increase in the contribution by employees would tend to create more hardship in the lowest income groups than would refundable income taxes rchich
would allow for personal exemptions and credits* Therefore it would be
aore likely to result in a demand for wage adjustments* A broadening of
Social Security coverage to agricultural workers and to self~e©ployedf could
hardly be accomplished on short notice, thereby lengthening the lag between
enactment and administrative application*
In short, it would appear that the inclusion of the Social
rity program in the present revenue proposal would lower the chances of
obtaining a satisfactory bill without offering advantages «hich could not
be obtained otherwise* But this conclusion in no way reduces the desirability
of promoting an expansion or the Social Security progr^ja at an early date.
If Congressional action on a broadened Social Security Program were obtained
in 1944 the increased benefits would become available in time to meet the
emergency needs arising in the po$t~*mr readjustment period. An increase
in income taxes now would provide no obstacle to a broadening of the Social

Security Prograa in 1944* Mather it would f&cilit^te thia step since
existing taxes could be red&ced later on, irfien the higher payroll taxes go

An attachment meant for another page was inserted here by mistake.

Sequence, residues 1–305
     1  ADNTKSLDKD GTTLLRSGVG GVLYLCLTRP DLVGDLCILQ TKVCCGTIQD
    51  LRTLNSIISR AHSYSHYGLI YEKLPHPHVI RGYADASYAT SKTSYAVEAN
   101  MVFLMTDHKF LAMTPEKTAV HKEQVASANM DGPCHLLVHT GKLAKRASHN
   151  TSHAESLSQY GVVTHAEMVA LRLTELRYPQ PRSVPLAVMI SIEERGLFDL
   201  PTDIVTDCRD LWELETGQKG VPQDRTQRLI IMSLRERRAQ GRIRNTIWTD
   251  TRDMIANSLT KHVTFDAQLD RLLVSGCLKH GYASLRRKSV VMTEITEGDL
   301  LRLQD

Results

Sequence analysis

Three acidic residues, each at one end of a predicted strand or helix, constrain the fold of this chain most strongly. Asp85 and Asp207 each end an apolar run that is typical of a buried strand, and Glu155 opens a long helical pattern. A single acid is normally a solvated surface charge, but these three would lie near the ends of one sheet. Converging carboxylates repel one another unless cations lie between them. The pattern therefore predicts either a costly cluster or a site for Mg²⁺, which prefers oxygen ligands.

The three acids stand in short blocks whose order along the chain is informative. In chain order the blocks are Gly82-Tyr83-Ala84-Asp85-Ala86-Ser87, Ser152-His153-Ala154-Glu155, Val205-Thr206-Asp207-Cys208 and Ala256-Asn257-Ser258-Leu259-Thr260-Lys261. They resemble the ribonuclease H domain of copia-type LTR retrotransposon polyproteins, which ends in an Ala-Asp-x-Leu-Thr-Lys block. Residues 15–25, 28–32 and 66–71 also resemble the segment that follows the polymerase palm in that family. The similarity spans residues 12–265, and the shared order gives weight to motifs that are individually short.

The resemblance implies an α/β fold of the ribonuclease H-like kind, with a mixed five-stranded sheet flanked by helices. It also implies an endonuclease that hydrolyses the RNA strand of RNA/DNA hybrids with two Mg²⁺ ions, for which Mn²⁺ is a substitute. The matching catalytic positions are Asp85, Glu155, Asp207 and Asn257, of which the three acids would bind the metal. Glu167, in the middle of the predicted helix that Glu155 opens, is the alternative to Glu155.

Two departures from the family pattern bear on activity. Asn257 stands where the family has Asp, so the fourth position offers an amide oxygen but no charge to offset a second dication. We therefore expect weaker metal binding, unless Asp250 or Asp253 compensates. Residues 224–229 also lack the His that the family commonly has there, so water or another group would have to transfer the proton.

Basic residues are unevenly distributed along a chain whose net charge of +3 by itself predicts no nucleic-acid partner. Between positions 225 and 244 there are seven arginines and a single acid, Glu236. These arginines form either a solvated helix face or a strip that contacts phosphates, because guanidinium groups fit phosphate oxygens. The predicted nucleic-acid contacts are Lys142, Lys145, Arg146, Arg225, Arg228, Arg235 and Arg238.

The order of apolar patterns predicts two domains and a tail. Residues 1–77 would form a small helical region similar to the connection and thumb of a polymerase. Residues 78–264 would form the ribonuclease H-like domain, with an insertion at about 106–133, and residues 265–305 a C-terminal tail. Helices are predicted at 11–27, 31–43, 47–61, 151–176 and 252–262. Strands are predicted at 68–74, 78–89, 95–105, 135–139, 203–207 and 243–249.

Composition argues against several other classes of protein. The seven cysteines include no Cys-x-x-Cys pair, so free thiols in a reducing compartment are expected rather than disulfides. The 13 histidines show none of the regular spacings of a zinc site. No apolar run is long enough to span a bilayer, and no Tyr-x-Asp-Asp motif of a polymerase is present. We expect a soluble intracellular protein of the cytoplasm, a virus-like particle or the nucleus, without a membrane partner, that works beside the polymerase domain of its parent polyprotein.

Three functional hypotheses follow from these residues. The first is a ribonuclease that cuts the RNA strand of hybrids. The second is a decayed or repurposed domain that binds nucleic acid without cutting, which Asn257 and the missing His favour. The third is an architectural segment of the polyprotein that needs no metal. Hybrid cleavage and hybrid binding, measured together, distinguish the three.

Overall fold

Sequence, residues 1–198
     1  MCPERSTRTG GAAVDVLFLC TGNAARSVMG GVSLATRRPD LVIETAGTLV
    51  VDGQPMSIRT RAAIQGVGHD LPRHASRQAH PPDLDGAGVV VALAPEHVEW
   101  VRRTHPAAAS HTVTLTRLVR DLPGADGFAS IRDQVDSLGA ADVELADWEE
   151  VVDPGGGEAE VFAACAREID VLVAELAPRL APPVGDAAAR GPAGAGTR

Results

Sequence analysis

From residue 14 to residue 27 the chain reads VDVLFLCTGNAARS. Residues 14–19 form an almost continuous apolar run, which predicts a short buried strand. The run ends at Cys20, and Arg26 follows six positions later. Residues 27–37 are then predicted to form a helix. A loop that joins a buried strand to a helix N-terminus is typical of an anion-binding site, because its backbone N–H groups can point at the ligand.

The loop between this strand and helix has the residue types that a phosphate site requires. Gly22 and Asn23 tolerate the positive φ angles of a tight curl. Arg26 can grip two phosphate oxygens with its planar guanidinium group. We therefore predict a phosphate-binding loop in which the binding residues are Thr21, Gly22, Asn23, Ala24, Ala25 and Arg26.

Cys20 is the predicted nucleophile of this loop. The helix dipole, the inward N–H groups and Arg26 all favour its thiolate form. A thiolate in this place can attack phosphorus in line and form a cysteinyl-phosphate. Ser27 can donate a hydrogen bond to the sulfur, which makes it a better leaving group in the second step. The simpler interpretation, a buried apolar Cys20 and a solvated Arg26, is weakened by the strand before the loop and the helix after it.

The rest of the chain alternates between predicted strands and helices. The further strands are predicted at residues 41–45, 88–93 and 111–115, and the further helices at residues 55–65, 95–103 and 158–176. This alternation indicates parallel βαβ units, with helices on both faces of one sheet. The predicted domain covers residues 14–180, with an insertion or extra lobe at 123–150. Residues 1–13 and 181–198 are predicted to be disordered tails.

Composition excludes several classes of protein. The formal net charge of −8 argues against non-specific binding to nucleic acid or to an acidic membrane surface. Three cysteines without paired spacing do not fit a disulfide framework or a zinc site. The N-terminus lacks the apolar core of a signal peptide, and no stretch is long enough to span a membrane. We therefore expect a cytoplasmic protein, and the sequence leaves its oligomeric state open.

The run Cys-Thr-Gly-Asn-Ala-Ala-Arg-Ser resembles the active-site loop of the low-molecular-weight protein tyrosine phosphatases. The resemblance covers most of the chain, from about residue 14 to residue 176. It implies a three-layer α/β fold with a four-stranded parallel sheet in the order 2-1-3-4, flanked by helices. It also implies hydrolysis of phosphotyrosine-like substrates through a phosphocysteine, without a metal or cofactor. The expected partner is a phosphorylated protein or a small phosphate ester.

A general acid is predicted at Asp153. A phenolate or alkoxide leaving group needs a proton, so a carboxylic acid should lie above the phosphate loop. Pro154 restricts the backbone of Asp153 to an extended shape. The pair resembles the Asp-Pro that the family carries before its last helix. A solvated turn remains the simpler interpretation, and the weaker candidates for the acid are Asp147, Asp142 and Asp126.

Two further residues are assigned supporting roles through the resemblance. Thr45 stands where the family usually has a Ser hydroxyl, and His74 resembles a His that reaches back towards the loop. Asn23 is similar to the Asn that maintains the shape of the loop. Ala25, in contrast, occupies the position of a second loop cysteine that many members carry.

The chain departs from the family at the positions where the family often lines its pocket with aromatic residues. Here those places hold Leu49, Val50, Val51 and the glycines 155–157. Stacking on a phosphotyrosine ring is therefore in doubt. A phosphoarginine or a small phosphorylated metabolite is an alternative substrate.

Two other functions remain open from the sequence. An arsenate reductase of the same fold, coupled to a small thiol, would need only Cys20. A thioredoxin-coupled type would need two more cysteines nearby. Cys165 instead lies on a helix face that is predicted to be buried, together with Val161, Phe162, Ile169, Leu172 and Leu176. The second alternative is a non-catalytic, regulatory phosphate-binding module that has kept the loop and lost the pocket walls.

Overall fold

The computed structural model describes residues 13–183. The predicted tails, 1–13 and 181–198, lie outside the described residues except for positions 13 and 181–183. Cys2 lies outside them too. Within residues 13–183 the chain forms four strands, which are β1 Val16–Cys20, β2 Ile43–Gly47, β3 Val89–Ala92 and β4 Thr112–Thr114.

into effect.
The development of the Social ^eenrity Program is of vital
portancs to the nation* It should be considered and adopted oa its 01m
merits* Study of the program, would require More time, mz&t likelys th&n
would be available to Congress now if new taxes are to become ©ffactive by
January 1, 1944* Tb@ relation^iip betwe^i the financing of Social £ecui»ity
and the requireaimts of general fiscal policy ae©d be conaideradt most carefully* It appear© v^ry doubtful latotether the finmiciiig of the ©nl&rged pro*
gram should even at the outset, rely exclusively upon payroll taxes and not
be giirea aomm support fnm the genaral budget. Payroll taxea aa hi^k as
12 p#r cesat misfit prove a severely depresaing factor in th@ post^nar ecouoaqr9
iiii^her the burden were shifted to the ataployeeis iri the f o m of loner Hcige*
or to the conmimers in the form of higher prices*. This point should be weighed
carefully before adapting a 12 per cant payroll tax which isould promise to become a rigid element in tlie postwar Federal tax structure*

September 6, 1943